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  1. #1

    Question Recommendation for monitoring bandwidth usage for VPS?

    Hello,

    I have a small VPS that is running only openVPN. (No http/pop/ftp/imap/smtp...) Only one port is open for the openVPN software.

    I've also disabled (not running) any other networking software, so there is no apache or anything "normal" like that.

    It's a plain-jane CentOS 5.3 install, used only for openVPN.

    The problem is that I have no idea how much bandwidth is being used.

    Since the openVPN does not track bandwidth usage, I am now looking for some other way to do it...

    Any ideas?

    I am thinking that perhaps munin or cacti or something like that would be a solution?

    Or is there something more appropriate?

    Basically, the only statistic I need to actually monitor is bandwidth, as I don't care about disk space, load, memory, or anything else..

    Thanks for any suggestions!

    (The server is using VirtualVM, but since that software is insecure... the VPS control panel is not currently online, so all the normal "tools" that the VPS came with are not working.)
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  2. #2
    Join Date
    Jul 2007
    Posts
    2,050
    I use nagios and MRTG to monitor bandwidth usage of the VPS created in Virtuozzo.
    Prashant T.

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  3. #3
    Here another vote nagios due to it stable, scalable and extensible features. You can look more at http://www.nagios.org/
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  4. #4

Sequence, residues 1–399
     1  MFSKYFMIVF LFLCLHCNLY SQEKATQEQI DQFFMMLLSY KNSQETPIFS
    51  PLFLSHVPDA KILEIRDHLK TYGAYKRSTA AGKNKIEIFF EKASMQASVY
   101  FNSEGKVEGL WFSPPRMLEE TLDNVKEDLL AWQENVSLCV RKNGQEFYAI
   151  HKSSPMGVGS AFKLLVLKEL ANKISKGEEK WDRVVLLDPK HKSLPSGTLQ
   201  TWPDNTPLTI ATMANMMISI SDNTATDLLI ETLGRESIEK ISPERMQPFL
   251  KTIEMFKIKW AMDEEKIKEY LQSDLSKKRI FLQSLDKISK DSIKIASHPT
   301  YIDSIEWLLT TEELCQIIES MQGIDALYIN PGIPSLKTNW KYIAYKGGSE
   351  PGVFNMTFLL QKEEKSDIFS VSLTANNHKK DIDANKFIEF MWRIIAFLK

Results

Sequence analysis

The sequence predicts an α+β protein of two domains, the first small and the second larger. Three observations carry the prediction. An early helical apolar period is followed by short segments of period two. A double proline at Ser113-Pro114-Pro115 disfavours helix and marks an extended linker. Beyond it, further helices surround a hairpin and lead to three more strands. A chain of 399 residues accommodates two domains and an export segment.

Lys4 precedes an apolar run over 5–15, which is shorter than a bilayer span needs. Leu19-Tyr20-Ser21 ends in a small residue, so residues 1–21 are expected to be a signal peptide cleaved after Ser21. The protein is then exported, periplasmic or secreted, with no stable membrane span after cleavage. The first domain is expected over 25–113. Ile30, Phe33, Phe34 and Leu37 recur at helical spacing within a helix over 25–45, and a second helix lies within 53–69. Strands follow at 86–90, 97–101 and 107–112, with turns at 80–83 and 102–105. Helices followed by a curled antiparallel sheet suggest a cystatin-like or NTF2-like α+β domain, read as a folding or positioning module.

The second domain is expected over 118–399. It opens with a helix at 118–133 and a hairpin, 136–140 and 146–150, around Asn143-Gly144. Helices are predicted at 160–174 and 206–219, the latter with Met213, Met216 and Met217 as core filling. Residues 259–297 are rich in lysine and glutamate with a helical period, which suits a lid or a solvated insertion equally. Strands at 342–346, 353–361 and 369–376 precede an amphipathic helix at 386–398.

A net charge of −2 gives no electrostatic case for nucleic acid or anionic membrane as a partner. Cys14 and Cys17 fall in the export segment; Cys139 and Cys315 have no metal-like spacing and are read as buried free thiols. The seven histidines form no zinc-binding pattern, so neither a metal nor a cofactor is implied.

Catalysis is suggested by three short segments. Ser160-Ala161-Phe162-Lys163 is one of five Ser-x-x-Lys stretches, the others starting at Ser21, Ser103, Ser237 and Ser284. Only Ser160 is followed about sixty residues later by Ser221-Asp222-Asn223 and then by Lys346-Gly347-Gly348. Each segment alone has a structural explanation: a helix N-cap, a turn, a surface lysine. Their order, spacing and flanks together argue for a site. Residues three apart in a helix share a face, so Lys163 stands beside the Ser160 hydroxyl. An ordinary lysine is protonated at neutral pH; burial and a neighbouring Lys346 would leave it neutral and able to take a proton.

Join Date
    Feb 2003
    Location
    Canada
    Posts
    958
    If you aren't looking for graphs, etc, then vnstat is dead simple to configure and get going.

    http://humdi.net/vnstat/

  5. #5
    Join Date
    Mar 2003
    Posts
    389
    Another vote for vnstat, one of the first things I install on a new VPS

  6. #6
    Join Date
    Apr 2007
    Location
    Panama
    Posts
    206
    Set an mrtg within the vps to monitor the bandwidth through net-snmp. This is actually the simplest way to do it as cacti will require more resources and work to be set. MRTG can be installed in minutes. net-snmp could be installed using yum. If you want to have real time statistics you can use STG network monitor.
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  7. #7
    Quote Originally Posted by Adam-AEC View Post
    If you aren't looking for graphs, etc, then vnstat is dead simple to configure and get going.

    http://humdi.net/vnstat/
    I just installed vnstat, and it's exactly what is needed.

    Thanks!
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  8. #8
    Join Date
    Oct 2004
    Location
    Kerala, India
    Posts
    4,750
    Please see the thread date and last reply date before making a reply, so that you can check if there is any relevance to your update to the thread.

  9. #9
    Hello,

    nagios would be helpful for you.

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